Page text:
Is it easy to choose different beliefs? No, but it does happen.

    In fact I would argue that belief is a constant series of choices, every time a crisis of faith is encountered one must necessarily choose to hold to their beliefs or reject them in favor of something else

    The belief that nothing can travel faster than light is deeply held by some in scientific circles. Recent developments at Cern have challenged that belief, causing many to assert that the results of the tests are in some unknowable way flawed, or to assert that faster than light travel may indeed be possible.

    1. @BeardedDork As usual, you make some excellent points, BeardedDork. I intend to work up a follow post to this one and detail some of what I meant a little more. I contend that you’re talking about a level of belief a couple planes higher than I am. I’m not talking about the level where your faith is challenged by facts or proof.

      I’m talking about the very foundation of faith in something higher than yourself. You either feel it or you don’t.

      If, like me, you don’t feel it, you just plain don’t feel it. I certainly could attempt to believe in a god, but the existence of a creator being just doesn’t feel right to me. If I was so inclined, I could go to some church and read a book and search fr answers. That would be a choice. But if I did that, I would (and have) still feel the emptiness at the core of it. I can’t just choose to believe (any more than I ever chose to not believe). I just don’t.

      Now I’m going to write a follow-up post to this one.

  3. another nice little post! quick and concise, you have an amazing knack for keeping things organized yet thoughtful, i feel.

    i think really at the core notions of the topic, a quick investigation into epistemology might be enough for a person to completely change something they believe in instantly, regardless of emotion. i know i did. despite having a ‘born-again’ christian experience, that i completely and totally asked for, and changed my life permanently, whats happening here in this discussion i feel is more along the lines of questioning the nature of subjectivity, and its nuances. The internal clash between a priori reasoning and empirical understanding, i think can totally lead to questioning the assumptions of what you believe, and questioning the underpinnings of reality.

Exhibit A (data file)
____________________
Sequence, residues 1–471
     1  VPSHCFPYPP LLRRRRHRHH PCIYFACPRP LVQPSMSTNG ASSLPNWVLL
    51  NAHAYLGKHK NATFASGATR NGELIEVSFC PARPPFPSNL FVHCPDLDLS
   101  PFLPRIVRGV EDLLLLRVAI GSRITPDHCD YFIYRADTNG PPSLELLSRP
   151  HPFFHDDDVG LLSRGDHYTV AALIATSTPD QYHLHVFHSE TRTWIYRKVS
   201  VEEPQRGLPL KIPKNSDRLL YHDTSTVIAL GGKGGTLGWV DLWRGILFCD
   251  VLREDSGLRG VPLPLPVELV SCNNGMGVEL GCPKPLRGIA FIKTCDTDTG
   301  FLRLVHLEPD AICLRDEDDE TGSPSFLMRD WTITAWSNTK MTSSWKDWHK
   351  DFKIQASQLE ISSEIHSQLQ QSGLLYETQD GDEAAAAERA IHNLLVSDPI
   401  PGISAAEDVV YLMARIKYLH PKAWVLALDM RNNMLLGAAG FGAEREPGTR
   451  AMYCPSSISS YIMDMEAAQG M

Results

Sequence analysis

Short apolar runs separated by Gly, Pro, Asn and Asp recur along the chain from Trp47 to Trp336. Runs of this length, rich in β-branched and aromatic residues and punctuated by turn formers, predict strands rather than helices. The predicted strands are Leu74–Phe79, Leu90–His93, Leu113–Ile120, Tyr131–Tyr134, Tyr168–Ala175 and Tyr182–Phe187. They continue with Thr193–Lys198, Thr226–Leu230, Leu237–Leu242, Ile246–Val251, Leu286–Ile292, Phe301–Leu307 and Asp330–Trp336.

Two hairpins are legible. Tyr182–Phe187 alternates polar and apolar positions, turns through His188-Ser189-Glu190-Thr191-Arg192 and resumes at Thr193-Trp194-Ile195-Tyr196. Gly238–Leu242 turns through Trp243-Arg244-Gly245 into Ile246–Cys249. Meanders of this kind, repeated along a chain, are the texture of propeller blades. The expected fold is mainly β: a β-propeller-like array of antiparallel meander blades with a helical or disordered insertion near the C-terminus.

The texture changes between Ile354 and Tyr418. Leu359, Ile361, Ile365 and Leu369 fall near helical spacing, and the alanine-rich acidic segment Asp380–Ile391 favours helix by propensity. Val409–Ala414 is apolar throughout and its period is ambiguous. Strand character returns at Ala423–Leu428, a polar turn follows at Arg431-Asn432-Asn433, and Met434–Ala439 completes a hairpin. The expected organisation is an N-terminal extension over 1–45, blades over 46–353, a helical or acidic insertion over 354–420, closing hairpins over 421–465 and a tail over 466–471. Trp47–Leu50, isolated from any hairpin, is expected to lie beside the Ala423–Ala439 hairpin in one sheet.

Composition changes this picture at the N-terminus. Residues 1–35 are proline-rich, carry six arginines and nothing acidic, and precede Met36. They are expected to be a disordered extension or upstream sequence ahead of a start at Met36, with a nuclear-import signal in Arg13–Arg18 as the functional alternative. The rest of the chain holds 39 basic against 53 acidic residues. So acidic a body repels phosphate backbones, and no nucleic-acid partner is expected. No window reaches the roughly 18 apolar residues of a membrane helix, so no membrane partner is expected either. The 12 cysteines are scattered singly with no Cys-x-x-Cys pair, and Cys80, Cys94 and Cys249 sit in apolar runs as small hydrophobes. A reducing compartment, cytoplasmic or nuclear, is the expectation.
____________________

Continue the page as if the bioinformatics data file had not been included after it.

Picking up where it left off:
to say you can’t choose to believe or not believe somethings would require a step back into just what a belief is. the very mechanics of belief, and whether or not this is the same as a ‘faith claim’ onto the veritableness of something about the universe, i feel might be different in some ways. does belief = faith?

    a brief classical approach might be of benefit here. In Sartre’s ‘Existentialism is a Humanism’ even though he is a staunch atheist, argues considerably about the power of subjectivity, and that only a believer can decide for him or herself just what a belief means to them. (And since, in existentialism, existence precedes the essence of who you are, everything is relatable by decision or experience, which to me seems that you may believe otherwise, which is of note, here.)

    While i think you,for the purposes of this post deliberately steered things in a very conclusive short manner (perhaps just to get out how you feel), just a quick moment into reflecting about the foundations of what your saying, might be rewarding. at best, your premise could be that clear cut, but at worst, its not quite as simple as perhaps you’ve proposed here.